Two to four players may play, but two players make the best game.
The object of the game is to get rid of all your dominoes.
Dominoes are rectangular tiles of wood or plastic. Each piece is divided into two halves by a center line, and each half has one or more spots on it, or is blank.
The most common Domino set is the "double-six" set of twenty-eight pieces, where the highest number of spots on any domino half is six. The pieces range from the lowest, with two blank halves (0-0), to the highest, with six spots on each half (6-6). Between these two pieces are all possible combinations of spots from none to six, such as 5-3, 0-2, 4-4. Pieces with a greater total number of spots are said to be "heavier" than those with fewer spots.
For longer Domino games, or to accommodate many players, there are the larger "double-nine" sets of fifty-five pieces, and the "double-twelve" sets of ninety-one pieces.
All Domino games share a common pattern. Players take turns building a pattern of dominoes laid end to end, each adding one domino to the pattern in his turn. This pattern, which is laid face up on a flat surface, in called the "layout." Two dominoes can follow one another if the number of spots on their touching ends match.
In most games "doublet" dominoes (ones with the same number of spots on each half) are placed crosswise against the matching end of the layout. The next domino is simply laid on the further side of the doublet, giving the layout something of the look of a totem pole. To keep the layout within the playing space you may form corners.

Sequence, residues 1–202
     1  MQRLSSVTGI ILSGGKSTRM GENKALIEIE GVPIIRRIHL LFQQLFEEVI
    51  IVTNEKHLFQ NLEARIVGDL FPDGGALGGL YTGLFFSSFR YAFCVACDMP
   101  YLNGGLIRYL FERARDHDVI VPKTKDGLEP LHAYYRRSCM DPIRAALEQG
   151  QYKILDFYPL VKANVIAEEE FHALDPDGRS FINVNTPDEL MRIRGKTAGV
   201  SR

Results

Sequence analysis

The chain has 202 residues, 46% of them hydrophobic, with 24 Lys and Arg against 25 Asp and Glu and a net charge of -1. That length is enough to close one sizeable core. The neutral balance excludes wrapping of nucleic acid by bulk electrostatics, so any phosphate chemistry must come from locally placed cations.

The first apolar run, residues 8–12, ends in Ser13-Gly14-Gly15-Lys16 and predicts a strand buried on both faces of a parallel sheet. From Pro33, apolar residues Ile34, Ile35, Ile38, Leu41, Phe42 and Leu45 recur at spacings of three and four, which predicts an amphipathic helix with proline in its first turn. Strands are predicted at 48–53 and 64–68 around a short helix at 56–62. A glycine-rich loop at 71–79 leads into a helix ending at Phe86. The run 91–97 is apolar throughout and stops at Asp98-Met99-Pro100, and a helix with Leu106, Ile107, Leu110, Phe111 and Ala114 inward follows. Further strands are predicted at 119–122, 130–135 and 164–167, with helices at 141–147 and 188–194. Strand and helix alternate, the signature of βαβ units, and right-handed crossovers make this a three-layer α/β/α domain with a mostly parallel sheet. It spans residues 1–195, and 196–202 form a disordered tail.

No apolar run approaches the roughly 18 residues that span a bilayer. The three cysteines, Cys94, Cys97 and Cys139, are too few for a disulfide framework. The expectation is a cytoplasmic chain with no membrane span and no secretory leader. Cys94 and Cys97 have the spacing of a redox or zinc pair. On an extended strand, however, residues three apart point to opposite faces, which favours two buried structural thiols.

Players sit opposite one another, or in a circle. Turn all the dominoes face down and mix them up. Choose the first player, by having each draw from the face down dominoes. The one who gets the highest (or heaviest) domino goes first. Put the dominoes back in the pile and mix them in.
Each player then draws his hand. With two players in the game, each takes seven dominoes; three or more players take five each. The dominoes can be held in a player's hand or lined up on edge in front of him, so he can see them but his opponents can't.
The dominoes left over after each player draws his hand are called the "boneyard." Keep the boneyard over to one side. It is used to draw from during the rest of the game.
The first player puts down any domino he chooses. His opponent can then place one of his dominoes against either end of the first domino, provided the numbers of spots on the touching ends match. This begins the layout, to either end of which the players alternately add matching dominoes.
Doublets are placed crosswise rather than end to end. When a player doesn't have a domino that matches either end of the layout, he must draw dominoes from the boneyard until he has found one he can use.
The first player to use all the dominoes from his hand yells, "Domino!" and wins the game. If the boneyard is used up before any player has won, the player with the lowest number of spots in his hand wins.
Very often, Dominoes is played for points, the winner scoring an number of points equal to the total spots left in his opponents' hands. The first player to score fifty or one-hundred points after several games of Dominoes is the winner of the bout.
Federacion International de Domino|